Lawyers never want to be lumped together in the same bracket as sales people. Almost all would rather not have any sales conversations with prospects if they could avoid it, and rather have them come in via referrals.
Many lawyers don’t differentiate between marketing and sales, and hence expect (or hope) that any marketing they do will result in prospects signing on the dotted line. If prospects don’t convert into clients, then marketing is seen as a failure and no effort or money is set aside for it.
One of the fundamental mistakes lawyers make is to confuse lead generation (which marketing aims to do) with sales conversion (which sales typically does), and not have clear steps for each.
While I am talking about two different things here, succesful lawyers that appear to get an endless stream of clients have managed to merge the two so it appears that they just have one excellent outreach programme.
The key goal for marketing is to identify prospects that are actively looking for legal services, but can’t make their minds up who to go to.
Excellent marketing goes further and gets prospects to self-select themselves and get them to take specific steps to make themselves known to you.
The reason I mention self-selection is because prospects that take the initiative to contact you to help them, based on the information you have already provided and which gives them the confidence to make an educated decision about the value you provide, are better to have than those who then have to be convinced it is worth talking to you.
So marketing is not just about creating awareness. Many law firms, and other businesses, that simply want to create awareness campaigns tend do so because they have poor lead generation campaigns.
Marketing is knowing what people are actively searching for, providing content that educates them on how to solve their problems, using multiple communication channels to drive people to the content and, crucially, eventually getting prospects to provide their contact details for permission-based follow ups.
This forms the top of your sales funnel.
Once the prospects have put their hands up, then sales conversion kicks in. This requires lawyers to consider:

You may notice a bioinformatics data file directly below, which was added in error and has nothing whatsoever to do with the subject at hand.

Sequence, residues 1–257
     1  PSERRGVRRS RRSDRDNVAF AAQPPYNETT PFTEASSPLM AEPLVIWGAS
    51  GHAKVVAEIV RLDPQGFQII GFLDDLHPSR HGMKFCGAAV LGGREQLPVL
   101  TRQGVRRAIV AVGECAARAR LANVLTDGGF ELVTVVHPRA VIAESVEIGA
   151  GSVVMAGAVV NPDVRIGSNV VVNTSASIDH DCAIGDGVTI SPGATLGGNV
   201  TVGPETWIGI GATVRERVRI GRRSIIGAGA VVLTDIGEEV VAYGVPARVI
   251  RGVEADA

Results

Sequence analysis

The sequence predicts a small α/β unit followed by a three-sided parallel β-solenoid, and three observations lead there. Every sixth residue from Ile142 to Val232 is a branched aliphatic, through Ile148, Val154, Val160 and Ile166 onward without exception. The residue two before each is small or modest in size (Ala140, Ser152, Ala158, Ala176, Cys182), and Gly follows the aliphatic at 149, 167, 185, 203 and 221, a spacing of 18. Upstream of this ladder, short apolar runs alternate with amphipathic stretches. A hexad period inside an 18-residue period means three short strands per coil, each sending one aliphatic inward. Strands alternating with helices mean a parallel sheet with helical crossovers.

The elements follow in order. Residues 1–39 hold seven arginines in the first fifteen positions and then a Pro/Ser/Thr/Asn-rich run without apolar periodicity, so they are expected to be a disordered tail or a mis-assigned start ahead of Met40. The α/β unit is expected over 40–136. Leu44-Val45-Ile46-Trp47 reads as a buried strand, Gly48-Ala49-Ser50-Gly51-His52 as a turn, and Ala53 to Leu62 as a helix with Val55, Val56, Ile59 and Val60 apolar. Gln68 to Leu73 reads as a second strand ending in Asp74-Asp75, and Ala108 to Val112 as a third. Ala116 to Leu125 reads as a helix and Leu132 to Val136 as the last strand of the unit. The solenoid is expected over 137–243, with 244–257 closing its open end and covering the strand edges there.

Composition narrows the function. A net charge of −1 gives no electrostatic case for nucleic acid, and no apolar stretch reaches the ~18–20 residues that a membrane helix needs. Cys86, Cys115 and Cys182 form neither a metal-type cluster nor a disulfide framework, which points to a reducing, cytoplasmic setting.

- Step-by-step interactions to find out more about the specific problems prospects have, what they have done to solve these, and what they want once the problems are solved;
- Changing the content they provide to help prospects in their decision-making process – i.e. adding proof points, third party recommendations, etc;
- Articulating what prospects would specifically get if they selected you so that there are no surprises later on. This could be from the basic communications they get, to how they get charged and how quickly you will respond to requests;
- The fact that it typically takes 7 touch points before prospects sign up for services, but they will only do so if each one is relevant and adds value to the relationship. This means thinking about creating various stages in the sales funnel which aim to drive prospects to make that big decision to pick up the phone and say yes.
The sales conversion mind-set is all about getting to the sale without being overly pushy. You have to map this out and have clear metrics for every single stage so that you can see what tends to work better in terms of getting clients to the final sale.
More importantly, you have to remember that if you manage to get a prospect into your sales funnel because of an excellent authority marketing strategy, you should not destroy the relationship by having a really poor sales conversion strategy. No room for dodgy sales techniques here!
By being clear about the differences between lead generation and sales conversion, which have to take place at the same time by the way, lawyers can plan their marketing and sales efforts much more effectively and will be more succesful at getting clients.